Paul Manafort sentenced
Former Trump campaign chairman Paul Manafort was ordered today to serve an additional 43 months on federal conspiracy charges.
Let us catch you up:
- The sentence: After today's hearing, Manafort's total sentence is seven and a half years in two cases stemming from special counsel Robert Mueller's Russia investigation.
- The charges: He pleaded guilty to two criminal charges: conspiracy against the US and conspiracy witness tampering, which he committed after his arrest.
- Possible restitution and more prison time: US District Court Judge Amy Berman Jackson has the ability to stack her sentence for Manafort on top of the previous sentence, meaning he still could face more than four years in prison. She could also fine him several million dollars more than he has already forfeited to the US government as part of his plea.
- What Manafort said: He apologized and reminded the judge that he will turn 70 in a few weeks. Manafort told the judge: "Let me be very clear, I accept the responsibility for the acts that caused me to be here today."
- New charges in New York: The Manhattan District Attorney's office charged Manafort with mortgage fraud, falsifying business records and conspiracy on Wednesday, not even an hour after he was sentenced today.
- What President Trump said: The President said he feels "badly" for Manafort, and that he hasn't thought about pardoning him.
President Trump said today he hasn't considered pardoning Paul Manafort, but did not rule out the possibility in the future.
"I have not even given it a thought as of this moment," Trump said when questioned about his pardon intentions for his former campaign chairman.
He continued: "It’s not something now that’s on my mind." Trump reiterated that he felt "badly" for his former aide.
President Trump, speaking from the White House, said he feels "badly" for his former campaign chairman Paul Manafort, who was sentenced to additional prison time and charged with new crimes in New York today.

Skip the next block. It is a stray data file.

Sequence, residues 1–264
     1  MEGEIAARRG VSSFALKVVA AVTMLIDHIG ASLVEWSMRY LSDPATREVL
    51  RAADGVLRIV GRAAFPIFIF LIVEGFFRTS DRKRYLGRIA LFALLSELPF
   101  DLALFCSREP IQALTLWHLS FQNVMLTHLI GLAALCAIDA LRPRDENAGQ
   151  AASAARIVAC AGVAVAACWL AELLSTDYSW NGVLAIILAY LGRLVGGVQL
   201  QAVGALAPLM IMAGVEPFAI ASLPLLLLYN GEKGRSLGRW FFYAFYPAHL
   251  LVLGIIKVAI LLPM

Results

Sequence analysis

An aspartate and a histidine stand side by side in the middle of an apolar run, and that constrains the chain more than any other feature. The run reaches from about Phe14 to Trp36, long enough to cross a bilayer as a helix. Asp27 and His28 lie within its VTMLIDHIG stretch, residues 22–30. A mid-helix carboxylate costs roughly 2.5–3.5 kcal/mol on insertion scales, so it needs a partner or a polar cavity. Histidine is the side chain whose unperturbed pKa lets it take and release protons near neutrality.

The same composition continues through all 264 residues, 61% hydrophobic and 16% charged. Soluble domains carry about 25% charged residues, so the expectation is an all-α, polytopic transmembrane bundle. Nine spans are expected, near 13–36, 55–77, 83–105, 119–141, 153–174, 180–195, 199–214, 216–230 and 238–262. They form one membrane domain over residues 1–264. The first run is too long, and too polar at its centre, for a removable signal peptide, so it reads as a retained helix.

"I feel badly for him," Trump said, describing Manafort's legal troubles as a "very sad situation."
Without commenting directly on the new charges, Trump lamented his former aides situation.
"On a human basis it’s a sad thing," he said.
He did not say whether he was considering a pardon for Manafort.
Paul Manafort’s attorney Kevin Downing slammed Judge Amy Berman Jackson, saying she was “incredibly hostile” toward his client.
Downing said he is “disappointed” in the sentence.
“I think the judge showed that she is incredibly hostile towards Mr. Manafort and exhibited a level of callousness that I have not seen in a white collar case in over fifteen years of prosecution,” he said.
The Manhattan District Attorney's office today charged Paul Manafort with mortgage fraud, falsifying business records and conspiracy.
Manafort could face years in prison if he's convicted for the charges.
The most serious of the charges, residential mortgage fraud, carries a prison sentence of a minimum of one to three years in prison and a maximum of just over eight to 25 years.
One thing to note: If Manafort is convicted for crimes in Manhattan, a presidential pardon wouldn’t apply.
Paul Manafort spoke briefly to Judge Amy Berman Jackson before he was sentenced today to an additional 43 months in prison.
During his remarks, Manafort apologized and said his "behavior in the future will be very different."
Here's what he said to the court:
In my previous allocution, I told Judge Ellis I was ashamed and that it was my conduct which brought me to that day of judgment. For it, I said I took full responsibility. Apparently I was not clear in saying what is in my heart. I say it now. I am sorry for what I have done that should bring me to this today.
The last two years have been the most difficult years that my family and I have ever experienced.
The person who I have been described as in public is not someone who I recognize. While I know that I am not that person, I feel shame and embarrassment for the suffering that I have caused to my family and friends and all who have been affected by my behavior.